He said he has no problem in seeing people exercise their rights freely and openly as long as they abide by the law.

“That sometimes can be a shock to some people to see someone openly carrying a firearm or weapon, but it doesn’t bother me as long as that person is abiding the law.”

Snow said they use the term red flag laws to refer to those laws that would intervene in a person’s right to bear arms based on their behavior.

“I think whenever we look at legislation that interferes with a person’s constitutional rights whether it be freedom of press, freedom of religion, freedom of speech or Second Amendment, that we have to be very careful and cautious to make certain that that legislation does not interfere or obstruct a person’s constitutional rights.”

When it comes to the COVID-19 pandemic, what state-level initiatives would you support in terms of reopening the economy, helping struggling families and any guidelines or restrictions intended to help slow the spread of the virus?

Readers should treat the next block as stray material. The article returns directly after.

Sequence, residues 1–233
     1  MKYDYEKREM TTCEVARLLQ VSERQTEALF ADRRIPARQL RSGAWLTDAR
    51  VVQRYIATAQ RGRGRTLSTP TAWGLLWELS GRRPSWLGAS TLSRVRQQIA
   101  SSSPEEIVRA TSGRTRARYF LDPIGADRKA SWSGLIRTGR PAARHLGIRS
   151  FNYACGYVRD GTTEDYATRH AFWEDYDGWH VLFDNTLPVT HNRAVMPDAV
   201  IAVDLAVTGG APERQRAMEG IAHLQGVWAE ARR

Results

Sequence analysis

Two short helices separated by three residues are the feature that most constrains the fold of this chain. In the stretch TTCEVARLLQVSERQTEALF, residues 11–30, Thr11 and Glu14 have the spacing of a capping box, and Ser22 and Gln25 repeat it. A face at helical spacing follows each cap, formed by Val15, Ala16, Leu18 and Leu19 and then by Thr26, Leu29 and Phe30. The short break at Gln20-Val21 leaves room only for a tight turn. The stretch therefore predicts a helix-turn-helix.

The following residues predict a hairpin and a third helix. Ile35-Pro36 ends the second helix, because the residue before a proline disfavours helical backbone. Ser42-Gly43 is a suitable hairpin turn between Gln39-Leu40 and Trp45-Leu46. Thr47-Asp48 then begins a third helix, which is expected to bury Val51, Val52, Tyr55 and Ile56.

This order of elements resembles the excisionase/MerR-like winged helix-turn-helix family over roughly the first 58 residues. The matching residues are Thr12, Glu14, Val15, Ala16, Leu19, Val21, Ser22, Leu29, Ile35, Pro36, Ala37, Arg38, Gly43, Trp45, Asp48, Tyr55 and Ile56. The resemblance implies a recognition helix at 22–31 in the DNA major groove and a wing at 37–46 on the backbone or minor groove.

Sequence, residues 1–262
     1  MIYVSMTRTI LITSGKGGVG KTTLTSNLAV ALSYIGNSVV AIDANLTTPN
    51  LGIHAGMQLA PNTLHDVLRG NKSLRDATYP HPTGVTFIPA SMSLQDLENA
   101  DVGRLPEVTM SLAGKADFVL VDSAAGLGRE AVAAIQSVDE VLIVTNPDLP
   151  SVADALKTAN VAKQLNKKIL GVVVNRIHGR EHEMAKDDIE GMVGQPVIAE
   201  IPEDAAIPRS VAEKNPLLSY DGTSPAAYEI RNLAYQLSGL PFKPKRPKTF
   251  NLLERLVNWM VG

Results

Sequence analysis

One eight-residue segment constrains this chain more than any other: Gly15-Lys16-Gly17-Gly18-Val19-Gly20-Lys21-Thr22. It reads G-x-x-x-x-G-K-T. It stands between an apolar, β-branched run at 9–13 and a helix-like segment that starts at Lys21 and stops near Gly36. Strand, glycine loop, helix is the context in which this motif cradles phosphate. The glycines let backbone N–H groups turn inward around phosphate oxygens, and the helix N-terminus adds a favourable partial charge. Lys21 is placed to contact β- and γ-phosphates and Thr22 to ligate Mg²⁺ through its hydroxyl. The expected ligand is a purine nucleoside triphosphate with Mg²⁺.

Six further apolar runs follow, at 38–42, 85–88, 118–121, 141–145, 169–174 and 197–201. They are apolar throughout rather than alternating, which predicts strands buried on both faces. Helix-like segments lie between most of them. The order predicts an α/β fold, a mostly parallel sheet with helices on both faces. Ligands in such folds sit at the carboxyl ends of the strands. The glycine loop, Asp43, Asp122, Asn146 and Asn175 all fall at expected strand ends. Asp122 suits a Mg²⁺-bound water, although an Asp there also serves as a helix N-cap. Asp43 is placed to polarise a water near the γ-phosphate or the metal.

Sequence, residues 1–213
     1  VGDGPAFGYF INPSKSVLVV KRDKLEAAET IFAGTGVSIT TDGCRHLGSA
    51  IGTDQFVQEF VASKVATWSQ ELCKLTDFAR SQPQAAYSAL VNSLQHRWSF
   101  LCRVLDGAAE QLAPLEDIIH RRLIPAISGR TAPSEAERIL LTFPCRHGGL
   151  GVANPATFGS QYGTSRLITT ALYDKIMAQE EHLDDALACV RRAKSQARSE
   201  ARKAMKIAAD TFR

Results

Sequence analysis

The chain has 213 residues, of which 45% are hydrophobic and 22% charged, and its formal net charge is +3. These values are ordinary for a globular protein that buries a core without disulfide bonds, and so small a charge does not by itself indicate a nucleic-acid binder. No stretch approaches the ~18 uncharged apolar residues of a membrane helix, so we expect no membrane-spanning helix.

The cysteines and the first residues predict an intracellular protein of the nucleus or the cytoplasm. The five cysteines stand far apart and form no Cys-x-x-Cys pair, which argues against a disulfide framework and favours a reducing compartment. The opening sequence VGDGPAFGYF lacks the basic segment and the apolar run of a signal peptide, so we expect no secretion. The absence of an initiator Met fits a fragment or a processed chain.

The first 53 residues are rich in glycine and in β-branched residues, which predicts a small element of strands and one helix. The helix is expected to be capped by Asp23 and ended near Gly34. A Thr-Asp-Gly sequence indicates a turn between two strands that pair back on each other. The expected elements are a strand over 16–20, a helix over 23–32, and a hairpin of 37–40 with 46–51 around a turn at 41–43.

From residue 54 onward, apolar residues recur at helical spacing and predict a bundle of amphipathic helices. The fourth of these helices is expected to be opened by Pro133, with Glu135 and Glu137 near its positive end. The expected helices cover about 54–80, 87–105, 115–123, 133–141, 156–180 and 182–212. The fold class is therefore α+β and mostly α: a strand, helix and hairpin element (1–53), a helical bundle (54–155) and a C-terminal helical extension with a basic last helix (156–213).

Snow said one of his sustaining and guiding principles is to always give weight and credence to decisions that are made by elected officials at a local level. From city government to county governments or local school boards, these positions are filled through elections and those elected officials are constitutionally the primary people for affecting legislation, making rules and regulations that affect the lives of the citizens they represent.

“There is – and has to be at times – some statewide control that oversees or provides direction to that local government,” he said. “I’m not certain at this point whether I can support a one-size-fits-all for our entire state when it comes to restrictions or opening up and getting rid of restrictions.”

In summary, he said he would like to see more of control given to the local governments and local leaders rather than issuing statewide mandates.

“We are not the same as Salt Lake County and we are not the same as Garfield County. Our schools are more populated than any other rural areas but not as populated, in terms of total population of children, as Salt Lake County, so I can’t ascribe every differentiating factor but there are many that local governments can take into account to provide the guidelines to protect its citizens.”

Check out all of St. George News’ coverage of the 2020 election by clicking here.

Copyright St. George News, SaintGeorgeUtah.com LLC, 2020, all rights reserved.